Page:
The wider context of 1966, however, was not the return of imperial might but of Britain — or at least England — embracing the new reality and undergoing reinvention as a home of a vibrant and irreverent youth culture. Alf Ramsey may have been a (very) unlikely leader of it, but his England side, captained by the ineffably cool Bobby Moore, became part of swinging London. That mood was embodied in the tournament mascot, World Cup Willie, a lion with a Beatle haircut in a Union flag jersey, which chimed with the use of the flag and roundel in pop art and by bands such as The Who. The imperial lion had been transformed into something cheeky and welcoming, but it was also a commercial ploy, the first time a World Cup had thought to devise a mascot whose image could transform T-shirts and tea-towels into saleable souvenirs.

While there was certainly celebration in 1966 — it was, an AA spokesman said, “like VE Night, election night and New Year’s Eve rolled into one” — the sense is of something more contained. In the week after the final, newspaper follow-ups tended to consist of apologies from writers who had doubted Ramsey and reflections on what success might mean for the popularity of English domestic football. Nobody was talking then about a post-imperial nation rediscovering its roar, but with an ironic edge.

“Sunny Afternoon” by the Kinks was displaced at number one in the charts on the Saturday of the quarter-final but, as Dominic Sandbrook notes in White Heat, it captured the general mood: the weather was good, wages were up, and, with Britain feted for everything from James Bond to Mary Quant, David Hockney to David Bailey, The Beatles to The Rolling Stones, the World Cup win was confirmation of the self-confidence of the age. Thirty years later, England men’s progress to the semi-final of Euro 96 felt similarly linked to a blossoming of British culture, to Blur and Oasis, Damien Hirst and Danny Boyle — who, of course, would shape much of the narrative around London 2012 by directing the opening ceremony. Even Bond had emerged from a six-year hiatus with the release of Goldeneye eight months earlier.

It is different when you’re not hosting, of course, but this World Cup hasn’t felt part of a cultural moment, even if it has been far more mainstream and of a far higher standard than any previous women’s tournament. Quite rightly, there are concerns about the disparity in funding in the women’s game in different regions, but none of the debutants have looked out of their depth; there have been no thrashings like the 13-0 defeat Thailand suffered against the USA four years ago.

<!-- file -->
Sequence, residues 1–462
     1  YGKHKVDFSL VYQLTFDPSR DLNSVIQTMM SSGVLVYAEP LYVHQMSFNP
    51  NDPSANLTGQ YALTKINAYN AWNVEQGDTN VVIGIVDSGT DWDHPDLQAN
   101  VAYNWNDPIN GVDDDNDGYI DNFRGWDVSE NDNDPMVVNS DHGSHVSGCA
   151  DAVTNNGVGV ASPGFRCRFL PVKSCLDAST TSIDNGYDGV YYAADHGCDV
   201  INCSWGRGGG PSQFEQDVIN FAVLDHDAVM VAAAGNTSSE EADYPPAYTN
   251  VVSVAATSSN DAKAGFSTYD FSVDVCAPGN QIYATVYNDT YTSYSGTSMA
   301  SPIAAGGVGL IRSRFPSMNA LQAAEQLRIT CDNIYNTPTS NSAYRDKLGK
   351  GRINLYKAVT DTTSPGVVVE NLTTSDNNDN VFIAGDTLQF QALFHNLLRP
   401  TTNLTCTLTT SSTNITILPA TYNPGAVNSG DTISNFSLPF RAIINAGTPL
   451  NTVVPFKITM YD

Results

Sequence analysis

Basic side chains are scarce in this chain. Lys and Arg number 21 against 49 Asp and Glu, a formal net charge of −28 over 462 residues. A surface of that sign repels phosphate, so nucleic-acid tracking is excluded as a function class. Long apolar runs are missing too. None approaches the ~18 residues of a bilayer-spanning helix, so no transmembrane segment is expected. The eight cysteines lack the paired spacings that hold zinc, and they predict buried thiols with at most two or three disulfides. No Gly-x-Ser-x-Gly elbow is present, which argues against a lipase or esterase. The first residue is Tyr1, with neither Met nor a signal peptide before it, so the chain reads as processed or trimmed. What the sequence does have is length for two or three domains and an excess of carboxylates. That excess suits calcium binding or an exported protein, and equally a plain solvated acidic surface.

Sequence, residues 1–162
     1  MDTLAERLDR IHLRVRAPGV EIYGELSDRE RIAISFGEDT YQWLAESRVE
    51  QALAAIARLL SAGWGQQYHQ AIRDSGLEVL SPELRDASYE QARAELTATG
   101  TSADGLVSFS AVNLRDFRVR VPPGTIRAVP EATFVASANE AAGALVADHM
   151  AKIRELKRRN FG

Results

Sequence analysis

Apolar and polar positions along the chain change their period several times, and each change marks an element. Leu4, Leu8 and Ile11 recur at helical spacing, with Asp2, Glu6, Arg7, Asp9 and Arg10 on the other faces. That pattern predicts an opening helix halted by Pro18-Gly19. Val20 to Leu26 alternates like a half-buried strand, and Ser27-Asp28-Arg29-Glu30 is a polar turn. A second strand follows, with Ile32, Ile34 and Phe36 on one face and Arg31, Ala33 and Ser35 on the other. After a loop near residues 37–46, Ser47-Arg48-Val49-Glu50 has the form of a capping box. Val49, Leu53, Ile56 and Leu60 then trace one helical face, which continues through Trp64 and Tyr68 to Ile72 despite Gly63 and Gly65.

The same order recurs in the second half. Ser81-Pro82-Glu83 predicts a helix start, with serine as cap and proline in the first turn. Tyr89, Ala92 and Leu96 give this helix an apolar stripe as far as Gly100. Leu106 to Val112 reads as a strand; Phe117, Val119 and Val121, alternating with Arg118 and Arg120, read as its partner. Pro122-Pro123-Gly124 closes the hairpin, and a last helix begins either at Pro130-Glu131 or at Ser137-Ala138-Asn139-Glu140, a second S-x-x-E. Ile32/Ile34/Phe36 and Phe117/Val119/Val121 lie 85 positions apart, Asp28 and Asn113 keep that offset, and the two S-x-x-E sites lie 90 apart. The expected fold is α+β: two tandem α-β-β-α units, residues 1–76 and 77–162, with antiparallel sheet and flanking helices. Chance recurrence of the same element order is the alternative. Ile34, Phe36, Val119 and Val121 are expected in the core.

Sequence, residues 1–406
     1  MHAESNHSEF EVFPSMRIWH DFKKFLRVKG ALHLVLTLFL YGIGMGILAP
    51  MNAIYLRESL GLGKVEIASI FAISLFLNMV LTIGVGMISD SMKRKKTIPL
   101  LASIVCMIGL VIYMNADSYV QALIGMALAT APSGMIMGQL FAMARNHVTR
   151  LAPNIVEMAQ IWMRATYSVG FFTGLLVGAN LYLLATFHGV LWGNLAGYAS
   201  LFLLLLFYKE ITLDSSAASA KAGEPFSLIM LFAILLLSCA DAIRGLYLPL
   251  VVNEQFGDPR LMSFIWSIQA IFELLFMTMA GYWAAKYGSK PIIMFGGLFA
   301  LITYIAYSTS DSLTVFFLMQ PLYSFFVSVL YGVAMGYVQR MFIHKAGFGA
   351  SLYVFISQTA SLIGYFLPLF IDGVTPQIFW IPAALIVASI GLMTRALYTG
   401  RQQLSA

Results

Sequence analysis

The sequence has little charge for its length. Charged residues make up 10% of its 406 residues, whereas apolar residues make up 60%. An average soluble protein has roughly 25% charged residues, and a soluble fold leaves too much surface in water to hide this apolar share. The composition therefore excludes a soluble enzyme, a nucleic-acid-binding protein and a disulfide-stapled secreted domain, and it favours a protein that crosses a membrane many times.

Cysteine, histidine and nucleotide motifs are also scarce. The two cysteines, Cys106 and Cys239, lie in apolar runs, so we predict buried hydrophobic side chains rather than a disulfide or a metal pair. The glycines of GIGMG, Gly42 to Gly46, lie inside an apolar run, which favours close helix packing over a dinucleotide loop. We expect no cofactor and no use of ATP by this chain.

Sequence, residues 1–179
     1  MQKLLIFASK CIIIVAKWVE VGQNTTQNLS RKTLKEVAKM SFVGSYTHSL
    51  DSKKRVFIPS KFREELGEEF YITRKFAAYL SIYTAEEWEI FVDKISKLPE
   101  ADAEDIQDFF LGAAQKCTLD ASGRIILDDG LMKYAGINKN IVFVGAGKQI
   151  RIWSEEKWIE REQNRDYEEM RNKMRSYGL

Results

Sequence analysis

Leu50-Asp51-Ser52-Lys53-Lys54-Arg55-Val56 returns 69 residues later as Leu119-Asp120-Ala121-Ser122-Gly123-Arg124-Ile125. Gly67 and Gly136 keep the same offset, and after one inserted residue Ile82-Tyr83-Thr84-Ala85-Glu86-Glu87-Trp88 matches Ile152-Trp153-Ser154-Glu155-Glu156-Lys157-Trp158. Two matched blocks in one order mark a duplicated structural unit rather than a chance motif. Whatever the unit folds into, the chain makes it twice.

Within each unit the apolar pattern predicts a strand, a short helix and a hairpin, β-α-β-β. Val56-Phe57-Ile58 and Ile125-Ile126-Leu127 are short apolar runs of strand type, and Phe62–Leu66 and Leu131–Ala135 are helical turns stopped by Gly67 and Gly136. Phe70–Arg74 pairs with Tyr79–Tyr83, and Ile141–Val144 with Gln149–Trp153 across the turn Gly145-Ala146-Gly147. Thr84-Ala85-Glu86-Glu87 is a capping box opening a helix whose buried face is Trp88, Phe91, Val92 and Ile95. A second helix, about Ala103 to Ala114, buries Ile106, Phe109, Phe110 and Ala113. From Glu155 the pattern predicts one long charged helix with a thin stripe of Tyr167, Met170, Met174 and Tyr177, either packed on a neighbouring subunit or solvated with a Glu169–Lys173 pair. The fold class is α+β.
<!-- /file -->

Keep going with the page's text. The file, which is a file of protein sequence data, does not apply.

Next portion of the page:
Quality of football is one thing, but what makes a tournament is moments and narrative, and this is a World Cup that has had both in abundance: the Lauren James stamp, the Sam Kerr equaliser, the doomed beauty of Japan’s play, the early exits of Germany and Brazil, Megan Rapinoe’s missed penalty against Sweden, Linda Caicedo recovering from cancer to score against Germany, Thembi Kgatlana’s late winner for South Africa against Italy, Spain’s progress despite the mutiny against their coach, Ella Toone’s thunderous finish

England, in particular, has been provided with a new clutch of role models, from the buccaneering Lucy Bronze to the rapid Lauren Hemp to the scheming Keira Walsh. Available again after suspension for her red card against Nigeria, there could yet be a redemption tale for Lauren James. At the heart of it all has been Wiegman, who has reached her fourth final in her fourth major tournament. Commanding and undemonstrative, she was able to field the same starting XI in every game in leading England to the Euros last summer; this time, with injury ruling out three key players, she has had to be far more flexible and the result has been football that, while less expansive, has probably been all the more impressive. (Although, of course, it is indicative of the advantages England enjoy over other nations in terms of funding that they could afford to appoint the Dutch coach).

But perhaps the specifics matter less than the fact that England are playing well in a tournament that palpably matters. Success at the Euros did raise participation, with 32% of girls now playing football at break-time at school compared to 22% before that tournament. Women’s Super League attendances also rose dramatically last season and will presumably keep going up, increasing revenue and opportunity.

Whether this is part of some wider cultural movement, whether that matters and how long any impact lasts, it is almost certainly too early to tell. But this is undoubtedly very good news for women’s football in England. As to how good, perhaps the best guide would be to ask Davey or Joyce what they made of a game in a year or two.


Jonathan Wilson is a columnist for the Guardian and Sports Illustrated, the editor of the Blizzard and author of Angels With Dirty Faces: A Footballing History of Argentina.